The Passenger Pigeon was one of the draws to the new world during colonial times.  The presence of an abundance of food and land was irresistible in advertisements to come to America.  There are many reports of the inclusion of birds in the colonial and early American diet that current Americans would not consider.  We don’t eat robins anymore, but we used to.  Even after eating pigeons frequently and aggressively for hundreds or years (thousands if you include the American Indians, but let’s not get side-tracked on that epic in our history), there were still billions of Passenger Pigeons in America in 1865.  Within twenty years they were gone.  What happens?  This is not just a normal by product of an expanding nation.  It is not due to just “over hunting”.

      To get a feeling about how much this event differs from the behavior called hunting,  I’d like you to consider that the hunter-prey relationship is one of the most stable and successful constructs in the natural world.  By contrast, the symbiotic relationship in which species coexist in a mutually beneficial relationship is less stable and less beneficial for both symbiotes.  Populations of prey animals will boom and bust depending mostly on the swings of available food.  The carnivores that eat them increase following an upsurge in the prey animal numbers.  This increase in the predators provides a beneficial effect for the environment in providing some check on the population explosion by the herbivores, which could easily strip the environment of plants. The important point is what happens when the inevitable and cyclical population crashes occur for the prey animals -- either through decreased food, disease, or natural calamity.  When their numbers decrease, the predator numbers also decrease, removing that check on the prey animals.  When conditions improve for the prey, with few predators, the prey animals can increase rapidly, followed by an increase in the predators.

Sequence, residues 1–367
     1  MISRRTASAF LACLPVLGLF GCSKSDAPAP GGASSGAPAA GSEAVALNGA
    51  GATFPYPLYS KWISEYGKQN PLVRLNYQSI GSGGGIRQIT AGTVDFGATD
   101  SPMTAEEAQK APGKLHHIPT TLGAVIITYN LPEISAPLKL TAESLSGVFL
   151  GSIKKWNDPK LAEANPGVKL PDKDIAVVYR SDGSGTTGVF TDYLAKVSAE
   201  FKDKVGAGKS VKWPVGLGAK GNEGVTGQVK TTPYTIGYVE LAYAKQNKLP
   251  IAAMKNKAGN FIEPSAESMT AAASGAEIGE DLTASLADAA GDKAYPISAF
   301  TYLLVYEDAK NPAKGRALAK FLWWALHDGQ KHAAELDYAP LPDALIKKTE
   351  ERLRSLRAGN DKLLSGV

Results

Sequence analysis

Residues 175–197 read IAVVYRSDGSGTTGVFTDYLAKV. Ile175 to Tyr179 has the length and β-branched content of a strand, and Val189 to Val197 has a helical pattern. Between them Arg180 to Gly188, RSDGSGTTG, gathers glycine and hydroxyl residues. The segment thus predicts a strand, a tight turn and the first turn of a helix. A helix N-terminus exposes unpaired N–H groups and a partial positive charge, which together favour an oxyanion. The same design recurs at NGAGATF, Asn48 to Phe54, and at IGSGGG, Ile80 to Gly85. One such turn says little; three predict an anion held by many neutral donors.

Now look what happens in a mutually beneficial relationship.  The success of one organism increases the number of the other, in a positive feedback loop.  For example, more Monarch butterflies means more Milkweed plants get pollinated, which means more food for Monarchs, which means more Monarchs, and more Milkweed, and more Monarchs, and more Milkweed… Until something bad happens to one of the species.  Both populations will crash, just like in the predator-prey relationship. The difference is that when the condition that caused the crash improves, the absence of the partner species helps the prey species to increase quickly, but it hurts the symbiote.  It takes the symbiotes longer to recover from a crash.  Let’s guess that the problem for Monarchs is habitat destruction in the winter habitat.  Or perhaps the Milkweed developed a disease.  Removal of the problem for the Monarchs will help, but their recovery will be slow because their food supply took a hit.  Likewise once the Milkweed epidemic has passed, the Milkweed will be slow to recover because their pollinators are in short supply.

      So let us go back to people hunting Pigeons for food.  For at least the last ten thousand years and up to the early 1800s, large populations of Indians in North America ate the wildlife and for thousands of years their prey animals continued to live in huge abundance.  Even when the U. S. populations jumped to about thirty-five million people around 1865, the Atlantic fisheries were full, vast herds of bison roamed the plains, and billions of Passenger Pigeons lived on the continent.  The numbers imply that a successful hunter prey relationship existed and that large numbers of humans and pigeons can co-exist in North America.  So it isn’t credible that “hunting” caused the demise of this abundant bird in just twenty years. The term “market hunting” is thrown about, which implies a reasonable activity requiring a little more control.  My opinion is that this is like calling rape “market love-making”.  When human activity causes wide-spread destruction in the natural environment by mistake -- the Gypsy Math and the Chestnut Blight are sad examples -- these are tragedies that tug at our guts.  But when willful human abuse causes the destruction of our eco-system or a species that is as much God’s creature as we are, then it sickens us at a deeply visceral level.  Or it should.